The Offer Holder Survey was sent to prospective students in Ghana, Malaysia, Nigeria, Philippines, Taiwan, Thailand, and Vietnam, the majority (95%) of which are pursuing postgraduate taught study.
UKEAS said it received 471 responses from offer holders in Asia and 126 from Africa – meaning responses from Asia accounted for approximately 80% of the total respondents.
“We should be very concerned at the low number of students willing to join their course online in September”
When asked if they were willing to start the academic year in September/October 2020 with a high likelihood of online teaching, just 23% of respondents in Asia and 31% in Africa agreed.
The option for a January 2021 intake with an improved likelihood of face-to-face teaching scored far better, with 71% of respondents in Asia and 72% in Africa agreeing.
Some 10% of offer holders in Asia and 3% in Africa selected ‘Not willing to do either’. ‘Not sure’ was chosen by 15% in Asia, and 8% in Africa.
When asked if their top choice university was to start in autumn 2020 with online teaching for at least the first semester, 47% of students in Asia stated they would look to defer to September 2021. 26% said they would join the course online in September, 20% would change university and 7% specified ‘other’.
In Africa, 46% of students stated they would join the course, 29% would change university, 23% would look to defer to September 2021, and 2% identified another option.
“We should be very concerned at the low number of students (especially in Asia) willing to join their course online in September,” noted Richard Jones, head of Partnerships at UKEAS.
“We are hearing these concerns from students preparing to study at universities that have already confirmed this plan.”
Jones added that while there appear to be more students in West Africa who would accept the scenario, “we should remember that they account for only 20% of our offer holder respondents”.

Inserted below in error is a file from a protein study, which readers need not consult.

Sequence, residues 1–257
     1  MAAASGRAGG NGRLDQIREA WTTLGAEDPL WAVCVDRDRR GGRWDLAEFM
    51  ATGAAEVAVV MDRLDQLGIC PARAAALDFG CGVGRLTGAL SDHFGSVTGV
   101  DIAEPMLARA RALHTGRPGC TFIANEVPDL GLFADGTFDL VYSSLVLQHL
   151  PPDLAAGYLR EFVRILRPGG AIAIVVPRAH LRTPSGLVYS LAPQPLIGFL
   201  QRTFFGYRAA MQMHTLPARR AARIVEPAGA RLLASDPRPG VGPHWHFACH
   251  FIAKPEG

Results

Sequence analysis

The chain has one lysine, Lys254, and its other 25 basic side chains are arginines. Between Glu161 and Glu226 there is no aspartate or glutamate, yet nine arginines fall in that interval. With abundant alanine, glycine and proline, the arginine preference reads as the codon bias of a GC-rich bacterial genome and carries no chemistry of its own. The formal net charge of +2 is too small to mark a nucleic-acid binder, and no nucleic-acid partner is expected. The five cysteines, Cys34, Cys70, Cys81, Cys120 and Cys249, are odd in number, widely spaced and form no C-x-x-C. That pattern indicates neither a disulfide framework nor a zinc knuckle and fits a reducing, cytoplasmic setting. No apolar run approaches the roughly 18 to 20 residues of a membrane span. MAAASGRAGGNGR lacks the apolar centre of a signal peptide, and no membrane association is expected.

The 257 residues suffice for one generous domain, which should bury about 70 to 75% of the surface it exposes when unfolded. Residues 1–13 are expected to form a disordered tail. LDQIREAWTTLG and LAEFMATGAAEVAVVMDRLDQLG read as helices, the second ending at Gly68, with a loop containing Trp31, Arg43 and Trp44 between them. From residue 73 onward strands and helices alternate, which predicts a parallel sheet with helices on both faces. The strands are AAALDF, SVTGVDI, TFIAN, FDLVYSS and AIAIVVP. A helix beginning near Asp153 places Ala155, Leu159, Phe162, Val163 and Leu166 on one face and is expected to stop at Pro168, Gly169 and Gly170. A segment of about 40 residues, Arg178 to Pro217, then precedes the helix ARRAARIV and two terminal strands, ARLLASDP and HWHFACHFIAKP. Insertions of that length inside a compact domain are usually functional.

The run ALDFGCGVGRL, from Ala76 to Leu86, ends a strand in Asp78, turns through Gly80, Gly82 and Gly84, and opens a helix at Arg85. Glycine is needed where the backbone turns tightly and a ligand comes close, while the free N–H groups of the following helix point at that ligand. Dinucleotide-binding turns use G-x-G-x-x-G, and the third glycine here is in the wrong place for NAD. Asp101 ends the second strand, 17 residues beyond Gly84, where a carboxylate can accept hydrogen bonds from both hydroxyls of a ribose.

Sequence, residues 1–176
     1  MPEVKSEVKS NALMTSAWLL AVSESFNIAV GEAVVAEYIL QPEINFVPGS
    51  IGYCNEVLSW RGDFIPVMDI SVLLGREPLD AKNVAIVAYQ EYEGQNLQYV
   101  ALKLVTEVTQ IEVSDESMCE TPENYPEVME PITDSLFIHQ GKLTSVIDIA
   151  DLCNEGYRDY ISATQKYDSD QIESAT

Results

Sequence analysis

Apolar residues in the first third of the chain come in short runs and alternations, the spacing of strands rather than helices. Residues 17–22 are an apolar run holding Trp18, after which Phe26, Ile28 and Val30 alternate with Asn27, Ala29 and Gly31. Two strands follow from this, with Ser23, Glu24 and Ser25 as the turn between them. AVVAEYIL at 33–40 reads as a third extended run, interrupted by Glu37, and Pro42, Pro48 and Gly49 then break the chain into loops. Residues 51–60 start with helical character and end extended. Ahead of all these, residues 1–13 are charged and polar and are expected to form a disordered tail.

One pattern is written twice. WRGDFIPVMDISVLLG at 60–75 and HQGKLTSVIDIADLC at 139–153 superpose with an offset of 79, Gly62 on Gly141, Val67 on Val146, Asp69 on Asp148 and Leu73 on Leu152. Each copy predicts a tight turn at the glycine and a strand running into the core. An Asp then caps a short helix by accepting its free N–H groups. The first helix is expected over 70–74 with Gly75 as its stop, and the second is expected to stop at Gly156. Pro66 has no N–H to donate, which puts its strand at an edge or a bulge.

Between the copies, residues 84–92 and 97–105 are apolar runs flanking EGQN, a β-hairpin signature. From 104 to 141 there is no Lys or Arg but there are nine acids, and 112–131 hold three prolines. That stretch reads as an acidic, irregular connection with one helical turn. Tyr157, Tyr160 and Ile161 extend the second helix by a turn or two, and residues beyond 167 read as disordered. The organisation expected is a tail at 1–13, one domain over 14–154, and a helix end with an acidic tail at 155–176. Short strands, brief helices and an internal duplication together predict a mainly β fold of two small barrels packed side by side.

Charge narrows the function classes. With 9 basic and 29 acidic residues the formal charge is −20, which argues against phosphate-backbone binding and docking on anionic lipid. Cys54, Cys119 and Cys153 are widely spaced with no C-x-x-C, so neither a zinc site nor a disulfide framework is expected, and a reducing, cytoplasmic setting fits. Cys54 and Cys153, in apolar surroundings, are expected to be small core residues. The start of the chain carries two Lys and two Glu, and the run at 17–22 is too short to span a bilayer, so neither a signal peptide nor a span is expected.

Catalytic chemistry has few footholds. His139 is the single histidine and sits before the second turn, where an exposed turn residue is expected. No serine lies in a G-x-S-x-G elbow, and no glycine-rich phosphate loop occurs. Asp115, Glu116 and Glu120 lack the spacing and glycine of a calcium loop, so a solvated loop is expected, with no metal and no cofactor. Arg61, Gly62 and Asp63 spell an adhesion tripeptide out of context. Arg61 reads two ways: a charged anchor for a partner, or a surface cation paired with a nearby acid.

“A January start is available to a majority of our Nigerian students due to the broader availability at popular destination universities,” he explained.
“Also, we are watching the economy in Nigeria as it battles low demand for oil… the capacity for families to buy into international education might decline from the domino effect triggered by the pandemic and world oil prices.
“There is potential for a similar impact as in 2016 when Nigerian student enrolments fell significantly after the devaluation of the Naira.”
The UKEAS survey showed that universities should prepare for a significant increase in deferral requests and the loss of offer holders to institutions who can offer a later start date and an increased likelihood of a face-to-face teaching environment.
Additionally, those students considering online an option expect to see a reduction in fees to compensate for the change in their experience.
“Most students we speak with are unconvinced that the quality and overall learning opportunity of a remote platform will match that of a face-to-face learning environment,” explained Jones, highlighting that the possibility of a 20% tuition fee discount if teaching began online in September only appealed to 33% of Asian respondents and 46% from Africa.
“Whether it is a reduction in tuition fees or scholarships by market, we recommend that universities pushing forward with a September 2020 online start offer some financial compromise with students.
“Without a reduction in fees, further frustration is likely from those who believe the full fee should give physical access and benefit to a university’s classrooms, resources, facilities, and services,” he said.
CEO of UKEAS, Pieter Funnekotter, told The PIE News that after speaking with a number of universities since these results were released, there may be a third option that could limit the damage.
“Should universities proceed with a September start without a January start back up, a blended learning option for students would be preferred. In this scenario, students would participate in small groups and tutorials on campus while viewing lectures online,” he said.
Funnekotter said this would offer a richer learning experience than online-only, “an option not favoured by any market”.
“A blended option would be preferred for our West African students who have indicated a preference for starting in September while hesitating on studying online.
“This flexible approach could allow for lectures to resume if the pandemic further eases later in the autumn semester,” he added.
Earlier this week, the Office for Students warned UK higher education providers against promising students an on-campus experience at the beginning of the next academic year.